Tiz McNamara is fast becoming a force to be reckoned with in the folk world. His debut single has been streamed over 2.5 million times on Spotify. His music has been championed by Dermot O’Leary on BBC Radio 2 and featured on Hollyoaks and Emmerdale. He’s also supported James Bay, no less. But the destiny of this Irish troubadour could have been very different had fate not decided to drop a piano on his foot midway through his studies at Sir Paul McCartney’s Liverpool Institute for Performing Arts, forcing the former drummer to change instruments and re-audition 18 months into his 3-year degree.
‘Slippery Slope’ is a track that I’ve returned to over and over. It is beautifully melancholic, sounding like an ode to loneliness and the need so many are familiar with, to leave a claustrophobic hometown. Whatever the interpretation, it is ultimately extremely relatable, as all great folk songs are. There’s something about the husky quality of McNamara’s voice that conjures up Tanita Tikaram for me: it’s a direct, honest sound, lacking in any pretence or overly-contrived flourishes. The guitar provides the picked core of the song, and this apparently simple track becomes richer and more layered as it evolves. It’s gorgeous, gentle on the listener and one you can easily bliss out to, even if that belies its mournful lyrical theme.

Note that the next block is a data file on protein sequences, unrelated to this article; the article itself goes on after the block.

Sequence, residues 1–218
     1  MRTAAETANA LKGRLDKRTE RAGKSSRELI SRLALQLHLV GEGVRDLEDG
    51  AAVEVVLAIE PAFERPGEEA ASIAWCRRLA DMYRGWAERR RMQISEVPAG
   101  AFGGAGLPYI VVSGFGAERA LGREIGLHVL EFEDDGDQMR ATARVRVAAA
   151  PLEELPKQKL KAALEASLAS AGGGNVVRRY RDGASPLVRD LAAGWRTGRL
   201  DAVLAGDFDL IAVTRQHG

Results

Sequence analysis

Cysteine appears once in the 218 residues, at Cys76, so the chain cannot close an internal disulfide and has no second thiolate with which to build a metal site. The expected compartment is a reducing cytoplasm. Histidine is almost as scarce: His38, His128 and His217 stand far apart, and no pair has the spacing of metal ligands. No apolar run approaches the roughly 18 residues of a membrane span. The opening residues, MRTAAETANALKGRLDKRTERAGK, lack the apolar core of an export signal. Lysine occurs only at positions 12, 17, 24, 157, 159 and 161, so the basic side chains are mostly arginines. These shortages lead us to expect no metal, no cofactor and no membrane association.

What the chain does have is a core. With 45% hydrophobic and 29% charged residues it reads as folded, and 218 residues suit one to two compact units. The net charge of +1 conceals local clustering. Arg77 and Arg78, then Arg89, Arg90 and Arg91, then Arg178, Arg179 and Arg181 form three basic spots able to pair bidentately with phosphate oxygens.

Thank goodness for wayward pianos.